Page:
“When you deal with banks, you deal with politics. Automatically,” one senior ECB official said. “It’s very dangerous.”
By Ruona Agbroko
Here are some of the articles that have grabbed our attention from today’s FT and elsewhere:
By Gideon Rachman
The European Central Bank has fired its magic bullet. By promising “unlimited” purchases of sovereign bonds, Mario Draghi, the ECB’s president, may have kept his pledge to do “whatever it takes” to save the euro. But in rescuing the currency, Mr Draghi’s magic bullet has badly wounded something even more important – democracy in Europe. Read more
Here is our pick of reading material from the weekend and today:
Did President Barack Obama’s Democratic convention speech convince the American electorate that he is worth another four years in the White House? Or has Mitt Romney begun to swing the race towards the Republicans? With the opinion polls at level pegging, Gideon Rachman is joined by John McDermott and Richard McGregor to discuss how the parties stand post convention.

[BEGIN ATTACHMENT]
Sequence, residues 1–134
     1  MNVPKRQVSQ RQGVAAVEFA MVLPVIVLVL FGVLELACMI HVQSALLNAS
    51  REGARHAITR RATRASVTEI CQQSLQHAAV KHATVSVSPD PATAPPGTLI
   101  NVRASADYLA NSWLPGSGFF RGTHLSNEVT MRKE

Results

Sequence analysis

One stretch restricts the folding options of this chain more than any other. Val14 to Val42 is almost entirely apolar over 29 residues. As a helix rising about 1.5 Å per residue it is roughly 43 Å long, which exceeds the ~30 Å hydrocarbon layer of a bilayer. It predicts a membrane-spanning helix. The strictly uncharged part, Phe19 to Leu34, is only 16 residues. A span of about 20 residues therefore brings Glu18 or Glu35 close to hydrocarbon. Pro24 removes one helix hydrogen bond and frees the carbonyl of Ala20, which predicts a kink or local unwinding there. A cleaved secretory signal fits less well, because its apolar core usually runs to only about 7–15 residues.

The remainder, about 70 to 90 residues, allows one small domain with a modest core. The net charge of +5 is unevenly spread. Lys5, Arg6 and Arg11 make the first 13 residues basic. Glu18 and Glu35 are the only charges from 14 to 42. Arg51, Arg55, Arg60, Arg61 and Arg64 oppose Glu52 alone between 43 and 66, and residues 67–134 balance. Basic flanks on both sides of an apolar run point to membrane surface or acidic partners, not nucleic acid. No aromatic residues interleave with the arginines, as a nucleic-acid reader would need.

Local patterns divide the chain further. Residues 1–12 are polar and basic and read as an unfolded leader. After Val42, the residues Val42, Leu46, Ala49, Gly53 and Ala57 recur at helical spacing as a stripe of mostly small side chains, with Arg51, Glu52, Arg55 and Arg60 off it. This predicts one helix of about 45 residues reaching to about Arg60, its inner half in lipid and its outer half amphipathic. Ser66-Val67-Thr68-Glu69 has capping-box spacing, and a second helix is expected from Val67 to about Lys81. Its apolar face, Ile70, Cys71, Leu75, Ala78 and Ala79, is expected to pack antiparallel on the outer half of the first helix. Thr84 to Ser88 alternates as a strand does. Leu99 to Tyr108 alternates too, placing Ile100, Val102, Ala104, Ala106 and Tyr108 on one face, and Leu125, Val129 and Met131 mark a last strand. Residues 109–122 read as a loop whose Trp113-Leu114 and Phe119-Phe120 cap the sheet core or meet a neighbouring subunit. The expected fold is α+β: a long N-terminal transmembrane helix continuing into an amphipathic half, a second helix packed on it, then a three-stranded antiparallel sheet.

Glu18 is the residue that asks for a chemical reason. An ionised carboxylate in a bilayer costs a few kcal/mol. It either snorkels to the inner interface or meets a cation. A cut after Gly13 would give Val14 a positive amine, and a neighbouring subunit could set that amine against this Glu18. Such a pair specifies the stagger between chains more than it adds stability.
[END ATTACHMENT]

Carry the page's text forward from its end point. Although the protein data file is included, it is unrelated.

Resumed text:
This is what got us chatting today:
Welcome to our rolling coverage of the eurozone crisis. Mario Draghi has unveiled the ECB’s bond-buying scheme. By Tom Burgis, Ben Fenton, John Aglionby and Ruona Agbroko on the newsdesk in London and Anjli Raval in New York with contributions by FT correspondents around the world. All times are BST.
21.40 As we close up today’s blog, here is a last US markets round-up from Arash Massoudi in New York:
What a day for equities on Wall Street. US stocks jumped to their highest closing level since January 2008 as investors piled into risk assets.
The benchmark S&P 500 rose 2.04 per cent to finish at 1,432.12. All ten broad sector groups on the index moved more than 1 per cent higher. Financials were among the day’s top performers with bulge bracket banks enjoying hefty gains. Bank of America rose 5 per cent to $8.35, Citigroup climbed 4.5 per cent to $31.12 and JPMorgan Chase gained 4.3 per cent to $38.69. Broadly, the S&P 500 is up 13.9 per cent since the start of the year.
The Nasdaq closed at its highest level since December 2000.